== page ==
Professor of Economics Christopher Gunn currently holds the professorship. A member of the faculty since 1978, he holds a B.S., M.B.A., and Ph.D. from Cornell University and a Lic. from Louvain. Gunn brings an historian’s perspective to the classes he teaches, which delve into subjects such as community economic development, labor-managed firms, and nonprofit institutions.

“Sometimes, I meet first-years in my introductory classes who aren’t very interested in economics, but by the end of the semester, they’re considering a major or minor in the field,” says Gunn. “I love connecting students to the world around them and watching them grow into independent adults.”

Jessica Droz ’09, one of Gunn’s former students, says that he was the reason she pursued a second major in economics. “I attribute a large part of my success at HWS to his guidance,” she says. “He really takes the time to get to know his students, going out of his way to make sure that they are engaged in and challenged by their coursework.”

Thanks to this prestigious professorship, Gunn has started “thinking bigger.” He would like to augment his research of the Kerala province in India, whose economics, education systems, and demographics are drastically different from the rest of the country.

“It’s not a very wealthy region, but their economic progress in the past 40 years is considerable,” explains Gunn. “This project will be a whole new adventure for me.”

The Joseph P. DiGangi Professorship
Professor Emeritus Joseph DiGangi, a political science professor and pre-law adviser at the Colleges from 1967-1997, continues to maintain partnerships with former students and forge new ones with current students, especially through his work with the HWS off-campus program in Washington, D.C. Inspired by DiGangi’s dedication to students and education, Trustee Dr. Richard L. Wasserman ’70, Paul Colarulli ’72, Art Medici ’71 and many other alumni endowed a professorship honoring the memorable and influential professor.

The current professorship goes to David Ost, a professor of Political Science at the Colleges since 1986. His expertise lies in post-communist politics in Eastern Europe, comparative explorations of labor and democracy, and the changing relationship between the U.S. and Europe. With a B.A. from SUNY Stony Brook and a Ph.D. from the University of Wisconsin, Ost is one of the nation’s leading experts on Poland.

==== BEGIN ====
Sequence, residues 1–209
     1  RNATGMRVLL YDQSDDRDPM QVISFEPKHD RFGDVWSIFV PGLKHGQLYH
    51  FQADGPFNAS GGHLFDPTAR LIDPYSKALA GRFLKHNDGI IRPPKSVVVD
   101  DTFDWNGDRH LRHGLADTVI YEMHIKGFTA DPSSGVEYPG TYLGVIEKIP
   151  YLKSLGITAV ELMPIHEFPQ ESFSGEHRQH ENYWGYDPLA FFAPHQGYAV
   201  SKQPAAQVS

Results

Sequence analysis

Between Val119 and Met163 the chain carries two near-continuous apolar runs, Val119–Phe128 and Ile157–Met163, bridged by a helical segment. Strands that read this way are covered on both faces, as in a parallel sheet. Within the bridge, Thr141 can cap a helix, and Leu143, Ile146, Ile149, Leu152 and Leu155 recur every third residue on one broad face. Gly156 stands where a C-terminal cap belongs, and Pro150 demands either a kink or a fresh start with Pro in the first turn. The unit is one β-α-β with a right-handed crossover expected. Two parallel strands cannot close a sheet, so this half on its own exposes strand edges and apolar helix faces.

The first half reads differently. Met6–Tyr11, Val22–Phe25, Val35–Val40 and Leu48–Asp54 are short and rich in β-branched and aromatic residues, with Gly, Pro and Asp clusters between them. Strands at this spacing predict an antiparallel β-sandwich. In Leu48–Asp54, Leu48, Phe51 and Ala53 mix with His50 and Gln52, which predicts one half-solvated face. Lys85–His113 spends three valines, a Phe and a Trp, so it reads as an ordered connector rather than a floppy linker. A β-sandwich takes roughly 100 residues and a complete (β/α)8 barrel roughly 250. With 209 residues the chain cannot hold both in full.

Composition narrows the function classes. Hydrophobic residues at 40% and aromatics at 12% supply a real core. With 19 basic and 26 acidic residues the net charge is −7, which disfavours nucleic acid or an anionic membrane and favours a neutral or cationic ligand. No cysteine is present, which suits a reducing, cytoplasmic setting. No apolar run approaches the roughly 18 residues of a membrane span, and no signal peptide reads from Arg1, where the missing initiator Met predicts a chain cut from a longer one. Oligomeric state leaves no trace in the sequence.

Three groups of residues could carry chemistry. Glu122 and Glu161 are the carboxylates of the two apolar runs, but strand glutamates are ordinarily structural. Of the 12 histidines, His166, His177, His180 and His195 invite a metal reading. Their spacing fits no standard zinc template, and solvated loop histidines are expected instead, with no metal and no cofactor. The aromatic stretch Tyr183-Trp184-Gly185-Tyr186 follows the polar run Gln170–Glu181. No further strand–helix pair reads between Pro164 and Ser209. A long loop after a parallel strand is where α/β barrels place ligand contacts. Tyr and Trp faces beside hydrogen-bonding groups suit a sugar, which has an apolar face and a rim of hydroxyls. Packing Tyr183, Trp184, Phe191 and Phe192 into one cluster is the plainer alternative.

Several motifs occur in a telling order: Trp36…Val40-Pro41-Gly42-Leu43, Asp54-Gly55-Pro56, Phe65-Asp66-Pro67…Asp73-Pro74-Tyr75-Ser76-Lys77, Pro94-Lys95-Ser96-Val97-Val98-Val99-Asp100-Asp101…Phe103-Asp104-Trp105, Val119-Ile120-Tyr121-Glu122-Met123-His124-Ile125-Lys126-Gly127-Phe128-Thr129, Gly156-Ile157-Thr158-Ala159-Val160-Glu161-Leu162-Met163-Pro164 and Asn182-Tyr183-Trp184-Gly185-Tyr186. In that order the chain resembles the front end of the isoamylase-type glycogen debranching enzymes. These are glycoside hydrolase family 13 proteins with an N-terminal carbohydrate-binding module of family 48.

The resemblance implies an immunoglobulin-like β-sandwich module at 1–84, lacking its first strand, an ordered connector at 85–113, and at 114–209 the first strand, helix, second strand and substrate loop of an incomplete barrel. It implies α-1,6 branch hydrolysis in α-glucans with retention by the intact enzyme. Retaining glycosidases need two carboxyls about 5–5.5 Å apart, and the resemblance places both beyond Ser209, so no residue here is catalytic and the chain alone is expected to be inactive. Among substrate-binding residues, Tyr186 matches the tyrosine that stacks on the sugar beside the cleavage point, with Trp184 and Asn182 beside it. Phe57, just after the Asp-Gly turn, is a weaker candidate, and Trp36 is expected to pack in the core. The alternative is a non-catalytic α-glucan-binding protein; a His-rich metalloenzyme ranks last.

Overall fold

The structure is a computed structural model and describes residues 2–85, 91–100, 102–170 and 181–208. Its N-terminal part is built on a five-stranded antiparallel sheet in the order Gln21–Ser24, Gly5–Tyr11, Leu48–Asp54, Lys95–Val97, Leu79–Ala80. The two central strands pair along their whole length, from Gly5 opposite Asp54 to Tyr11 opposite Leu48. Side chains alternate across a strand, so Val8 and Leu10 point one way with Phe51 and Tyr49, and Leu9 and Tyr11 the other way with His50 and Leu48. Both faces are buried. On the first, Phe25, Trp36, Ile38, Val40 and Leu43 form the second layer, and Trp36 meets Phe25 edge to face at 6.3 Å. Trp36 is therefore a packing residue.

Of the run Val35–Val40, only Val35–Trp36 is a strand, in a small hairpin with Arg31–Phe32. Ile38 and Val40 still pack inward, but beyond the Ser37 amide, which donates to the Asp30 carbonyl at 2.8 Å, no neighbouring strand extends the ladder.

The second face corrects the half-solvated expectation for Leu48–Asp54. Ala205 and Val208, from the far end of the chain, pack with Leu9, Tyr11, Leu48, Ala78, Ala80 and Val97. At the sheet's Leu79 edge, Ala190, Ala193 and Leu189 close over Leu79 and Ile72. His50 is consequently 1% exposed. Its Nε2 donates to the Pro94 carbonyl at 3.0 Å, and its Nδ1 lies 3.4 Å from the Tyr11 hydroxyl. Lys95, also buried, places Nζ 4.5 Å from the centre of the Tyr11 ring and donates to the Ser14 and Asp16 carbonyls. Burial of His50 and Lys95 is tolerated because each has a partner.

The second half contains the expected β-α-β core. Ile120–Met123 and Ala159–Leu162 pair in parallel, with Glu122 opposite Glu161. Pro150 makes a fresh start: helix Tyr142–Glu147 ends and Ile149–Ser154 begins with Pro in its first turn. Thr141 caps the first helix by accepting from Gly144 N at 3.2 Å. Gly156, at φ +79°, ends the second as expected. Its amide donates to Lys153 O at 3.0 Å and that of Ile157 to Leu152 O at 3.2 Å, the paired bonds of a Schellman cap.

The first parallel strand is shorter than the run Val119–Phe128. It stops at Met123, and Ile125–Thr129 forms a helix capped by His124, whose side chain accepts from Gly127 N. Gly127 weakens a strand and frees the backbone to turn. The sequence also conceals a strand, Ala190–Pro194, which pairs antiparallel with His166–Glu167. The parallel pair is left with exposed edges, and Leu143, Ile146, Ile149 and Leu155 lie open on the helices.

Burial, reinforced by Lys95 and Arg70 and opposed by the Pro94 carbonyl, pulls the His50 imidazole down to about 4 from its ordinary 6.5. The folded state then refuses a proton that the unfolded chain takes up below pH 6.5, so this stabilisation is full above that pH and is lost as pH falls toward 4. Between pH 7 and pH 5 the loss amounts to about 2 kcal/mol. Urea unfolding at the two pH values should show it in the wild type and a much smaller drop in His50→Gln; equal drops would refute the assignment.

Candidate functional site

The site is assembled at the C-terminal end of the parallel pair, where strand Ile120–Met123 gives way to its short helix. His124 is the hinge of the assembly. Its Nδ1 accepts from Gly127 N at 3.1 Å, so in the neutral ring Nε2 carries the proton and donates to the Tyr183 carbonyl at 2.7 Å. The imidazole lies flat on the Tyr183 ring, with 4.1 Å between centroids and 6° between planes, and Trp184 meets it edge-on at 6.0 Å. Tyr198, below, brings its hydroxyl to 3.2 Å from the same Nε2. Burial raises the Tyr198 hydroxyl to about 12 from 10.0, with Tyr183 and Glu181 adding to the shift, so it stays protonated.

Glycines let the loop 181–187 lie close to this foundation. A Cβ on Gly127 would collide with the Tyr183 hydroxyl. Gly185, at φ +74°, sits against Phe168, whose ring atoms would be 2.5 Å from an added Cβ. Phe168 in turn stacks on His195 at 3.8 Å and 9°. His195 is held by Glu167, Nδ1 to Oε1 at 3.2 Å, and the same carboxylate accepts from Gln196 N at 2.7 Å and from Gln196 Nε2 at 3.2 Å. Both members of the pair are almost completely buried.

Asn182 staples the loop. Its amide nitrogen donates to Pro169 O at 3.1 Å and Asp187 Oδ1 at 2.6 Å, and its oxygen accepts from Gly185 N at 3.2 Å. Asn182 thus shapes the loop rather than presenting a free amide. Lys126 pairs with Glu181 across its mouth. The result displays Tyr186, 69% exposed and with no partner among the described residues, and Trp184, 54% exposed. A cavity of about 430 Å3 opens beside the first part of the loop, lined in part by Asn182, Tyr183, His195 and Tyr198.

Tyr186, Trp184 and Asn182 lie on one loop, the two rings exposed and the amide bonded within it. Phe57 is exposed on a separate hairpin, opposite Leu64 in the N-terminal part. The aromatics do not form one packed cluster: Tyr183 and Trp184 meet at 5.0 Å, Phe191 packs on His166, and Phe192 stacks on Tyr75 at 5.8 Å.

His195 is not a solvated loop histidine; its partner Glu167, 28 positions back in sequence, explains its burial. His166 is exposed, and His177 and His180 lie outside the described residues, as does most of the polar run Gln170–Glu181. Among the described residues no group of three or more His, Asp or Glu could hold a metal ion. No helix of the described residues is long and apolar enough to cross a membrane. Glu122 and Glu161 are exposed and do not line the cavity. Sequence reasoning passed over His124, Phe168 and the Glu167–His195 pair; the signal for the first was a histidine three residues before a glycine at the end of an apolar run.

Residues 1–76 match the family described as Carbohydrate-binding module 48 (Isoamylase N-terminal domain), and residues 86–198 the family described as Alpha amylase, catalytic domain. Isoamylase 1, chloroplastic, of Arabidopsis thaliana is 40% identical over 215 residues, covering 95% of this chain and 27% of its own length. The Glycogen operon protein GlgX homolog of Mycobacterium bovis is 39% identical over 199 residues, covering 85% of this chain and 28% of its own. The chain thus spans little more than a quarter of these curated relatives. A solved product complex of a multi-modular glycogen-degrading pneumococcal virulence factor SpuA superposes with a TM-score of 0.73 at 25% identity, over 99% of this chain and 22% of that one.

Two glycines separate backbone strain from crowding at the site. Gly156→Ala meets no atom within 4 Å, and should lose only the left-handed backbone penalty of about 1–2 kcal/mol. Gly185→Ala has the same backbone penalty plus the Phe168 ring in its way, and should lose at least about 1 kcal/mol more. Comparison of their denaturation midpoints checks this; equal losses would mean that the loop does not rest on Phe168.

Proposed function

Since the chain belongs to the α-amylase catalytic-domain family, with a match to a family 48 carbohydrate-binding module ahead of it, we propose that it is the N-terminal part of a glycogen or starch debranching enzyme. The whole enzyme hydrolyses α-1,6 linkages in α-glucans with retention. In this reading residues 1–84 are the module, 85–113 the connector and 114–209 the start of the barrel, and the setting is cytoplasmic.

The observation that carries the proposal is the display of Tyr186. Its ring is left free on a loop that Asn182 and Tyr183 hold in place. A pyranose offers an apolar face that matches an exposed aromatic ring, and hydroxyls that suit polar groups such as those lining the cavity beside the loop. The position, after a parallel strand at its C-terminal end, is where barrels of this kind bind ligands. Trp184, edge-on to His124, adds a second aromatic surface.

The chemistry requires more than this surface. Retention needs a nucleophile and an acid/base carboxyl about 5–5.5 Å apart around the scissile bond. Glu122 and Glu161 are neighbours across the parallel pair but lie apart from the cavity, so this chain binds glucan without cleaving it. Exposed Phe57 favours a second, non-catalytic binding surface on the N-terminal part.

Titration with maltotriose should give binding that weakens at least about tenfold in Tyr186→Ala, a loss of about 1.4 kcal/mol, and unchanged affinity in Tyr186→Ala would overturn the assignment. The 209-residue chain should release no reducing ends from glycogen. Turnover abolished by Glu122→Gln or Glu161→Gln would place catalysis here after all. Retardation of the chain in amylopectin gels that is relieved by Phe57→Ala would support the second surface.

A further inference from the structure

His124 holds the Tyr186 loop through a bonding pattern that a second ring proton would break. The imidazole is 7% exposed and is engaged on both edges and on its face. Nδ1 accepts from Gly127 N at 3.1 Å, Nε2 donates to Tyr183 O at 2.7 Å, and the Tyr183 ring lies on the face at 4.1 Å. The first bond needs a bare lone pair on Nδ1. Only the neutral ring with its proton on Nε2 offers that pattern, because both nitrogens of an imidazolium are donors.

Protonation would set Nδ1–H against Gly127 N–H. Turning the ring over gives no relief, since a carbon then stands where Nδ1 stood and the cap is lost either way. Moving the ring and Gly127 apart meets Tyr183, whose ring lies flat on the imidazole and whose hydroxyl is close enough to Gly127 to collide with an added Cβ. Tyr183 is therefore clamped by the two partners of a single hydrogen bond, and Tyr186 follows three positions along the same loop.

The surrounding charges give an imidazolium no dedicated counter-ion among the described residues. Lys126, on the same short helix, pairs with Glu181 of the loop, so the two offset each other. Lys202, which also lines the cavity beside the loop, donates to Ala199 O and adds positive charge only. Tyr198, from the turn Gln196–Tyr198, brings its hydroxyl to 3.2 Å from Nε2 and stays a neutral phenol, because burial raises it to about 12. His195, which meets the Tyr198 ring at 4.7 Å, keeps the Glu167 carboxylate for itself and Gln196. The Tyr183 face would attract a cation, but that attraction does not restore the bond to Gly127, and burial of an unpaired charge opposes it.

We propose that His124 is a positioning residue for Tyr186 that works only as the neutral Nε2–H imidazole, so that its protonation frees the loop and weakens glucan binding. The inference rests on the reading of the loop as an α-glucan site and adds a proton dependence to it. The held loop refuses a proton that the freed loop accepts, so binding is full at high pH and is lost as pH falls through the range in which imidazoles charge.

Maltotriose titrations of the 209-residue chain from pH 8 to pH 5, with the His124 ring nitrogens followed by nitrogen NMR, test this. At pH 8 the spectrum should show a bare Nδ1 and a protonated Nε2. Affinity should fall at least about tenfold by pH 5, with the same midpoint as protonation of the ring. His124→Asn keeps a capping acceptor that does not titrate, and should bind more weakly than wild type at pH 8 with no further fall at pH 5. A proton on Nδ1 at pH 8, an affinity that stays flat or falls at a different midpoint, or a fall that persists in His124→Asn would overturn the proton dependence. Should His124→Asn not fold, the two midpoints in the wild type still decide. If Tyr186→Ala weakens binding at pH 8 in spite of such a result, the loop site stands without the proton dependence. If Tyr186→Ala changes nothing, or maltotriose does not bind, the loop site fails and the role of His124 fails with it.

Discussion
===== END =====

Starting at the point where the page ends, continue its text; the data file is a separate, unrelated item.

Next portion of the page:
“Professor Ost has been an outstanding member of the HWS faculty and, in particular, the Political Science Department,” says his colleague, Associate Professor of Political Science Kevin Dunn. “He is an internationally recognized scholar and valued teacher in the classroom. He gives as much attention and care to his scholarship as he does his engagement with students, making him a deserving recipient of the DiGangi Professorship.”

Ost will be spending the next year in Europe, based in Estonia to conduct research and traveling to Poland to lecture.

“This professorship gives me an opportunity to do more research, which in turn helps me become a better teacher,” he says. “Since it also includes a financial bonus, I’ll be able to buy more of those obscure publications that always turn up on my travels, and which always provide a burst of new ideas that I can then bring back to the classroom. I love when I get students to see how unusual connections and serendipitous encounters can teach us so much. That’s why I’m so grateful for this honor and opportunity.”

The Lloyd Wright ’50 Professorship in Conservative Studies
Lloyd Wright’s loyalty and generosity remain an integral part of the Hobart and William Smith community through the endowed professorship named for the 1950 Hobart graduate. Through his estate, Wright endowed the Lloyd Wright ’50 Professorship in Conservative Studies, which is currently held by Professor of Sociology Dunbar Moodie. Moodie has taught at the Colleges since 1976. He earned his B.Soc.Sc. from Rhodes University, B.A. and M.A. from Oxford University, and Ph.D. from Harvard University.

“Dunbar has led by example as a virtuoso scholar-teacher,” says Moodie’s colleague, Professor of Sociology Jack Harris. “His long and superb record of site-based research has been internationally celebrated and there are few teachers who share the life of the mind and the world of theory and ideas as Dunbar shares with his students. His enthusiasm for his subject, and his great care and affection for his students, makes him the ideal recipient for the Lloyd Wright ’50 Professorship.”

Moodie’s areas of expertise include classical sociological theory and sociological theories of religion, and his work is deeply rooted in understanding South African social, cultural, economic and political realities. He is currently working on two projects: a history of the rise of the National Union of Mineworkers on the South African gold mines and updating his book, “The Rise of Afrikanerdom,” with a view to republication.

“Teaching for me is a calling,” he says. “I hope to provoke students to read deeply, think critically and act resolutely to transform positively the world we all share.”